That brings us to the mystery of Tony Allen. Where was he during Oklahoma City’s game-deciding run? He was on the bench where he was for most of the second half. I don’t know if Hollins forgot about him or was mad at him, but that oversight probably cost the Grizzlies game 1. You can’t let it cost your team game 2.

Allen is on this team to take away great offensive players. There’s no stopping Durant because he’s probably the best offensive player in the league so you can’t do much, regardless of who’s guarding him. However, Martin is a guy that struggles to get his own shot and Tony Allen loves to make life tough for offensive players, especially ones that are slightly limited.

A lot of people don’t understand the thought process behind letting Durant get his, so allow me to explain my side of it: Kevin Durant can get 30 on any given night. On a night in which he’s really hot, he can do 42-45 points. On nights that he’s ice cold, he still gets to 25 between hitting shots at the rim and shooting free throws. It’s just something that you have to make peace with. Tony Allen would make Durant’s 30 points tougher to come by, but Durant is getting 30 regardless.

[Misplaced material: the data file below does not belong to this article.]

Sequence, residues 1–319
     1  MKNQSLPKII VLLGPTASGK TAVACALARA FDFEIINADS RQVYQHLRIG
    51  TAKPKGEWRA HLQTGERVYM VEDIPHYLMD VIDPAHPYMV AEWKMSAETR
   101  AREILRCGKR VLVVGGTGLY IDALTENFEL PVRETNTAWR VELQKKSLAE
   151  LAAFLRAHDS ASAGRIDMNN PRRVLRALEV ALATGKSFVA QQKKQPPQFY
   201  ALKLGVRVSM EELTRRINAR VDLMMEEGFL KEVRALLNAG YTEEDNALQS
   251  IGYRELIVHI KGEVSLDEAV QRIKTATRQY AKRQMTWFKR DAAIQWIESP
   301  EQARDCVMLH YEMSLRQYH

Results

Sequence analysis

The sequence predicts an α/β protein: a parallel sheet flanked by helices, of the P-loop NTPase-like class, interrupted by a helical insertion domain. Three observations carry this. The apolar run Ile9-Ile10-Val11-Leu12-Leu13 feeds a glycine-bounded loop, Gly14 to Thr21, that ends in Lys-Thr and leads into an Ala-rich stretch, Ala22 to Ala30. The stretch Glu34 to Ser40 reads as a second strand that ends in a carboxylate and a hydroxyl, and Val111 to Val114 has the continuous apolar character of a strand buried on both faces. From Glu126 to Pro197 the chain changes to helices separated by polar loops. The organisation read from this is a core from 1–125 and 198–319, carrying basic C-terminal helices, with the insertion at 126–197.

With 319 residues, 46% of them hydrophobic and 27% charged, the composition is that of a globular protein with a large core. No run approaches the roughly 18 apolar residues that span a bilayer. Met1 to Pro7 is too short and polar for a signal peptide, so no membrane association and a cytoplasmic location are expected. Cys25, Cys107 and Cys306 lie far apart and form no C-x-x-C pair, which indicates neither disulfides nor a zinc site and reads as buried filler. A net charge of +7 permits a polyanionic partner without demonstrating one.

Martin isn’t even remotely the same type of scorer. Tony Allen can bother him into taking tough shots and he’s not nearly the offensive savant that Durant is. You can take Martin out of a playoff series, but you can’t do anything with Durant.

Besides Martin and Allen, the two other things to look for in game 2 and the rest of the series is if the Grizzlies can ever figure out this free throw bugaboo that’s plagued them for weeks now. 14-24 from the free-throw line will get you beat in February against the Bobcats, let alone in the playoffs against Oklahoma City. I’d say that the free throws will start to fall, but there’s no telling. The Grizzlies have to stop leaving those points on the line.

The other guy is Serge Ibaka. Ibaka had an awful shooting day on Sunday with a 1-10 mark, but made up for it with some good defense on Zach Randolph. Randolph still hit some shots, but they were tough and far from high-percentage looks.

The problem is that the Thunder will need something from him on offense with Westbrook out. I don’t blame him for taking 10 shots because they were all shots that he’s hit this year, they just weren’t falling. The Thunder need them to fall in addition to his usual solid defensive play. If they don’t get that, then it will be tough to beat a battle tested, slightly more talented Grizzlies squad.

My prediction:

Grizzlies- 95

Thunder- 91

The Grizzlies get back, but still find a way to make it interesting. Durant scores 43 points on 25 shots, but Kevin Martin posts only 9. Zach Randolph and Marc Gasol both post 20+ points and 10+ rebounds as the Grizzlies have a little more success establishing the post in game 2. The Grizzlies come home to Memphis with a ton of momentum and a 1-1 series.

Tags: Lionel Hollins Marc Gasol Memphis Grizzlies Mike Conley Jr. NBA News Oklahoma City Thunder Tony Allen Western Conference Zach Randolph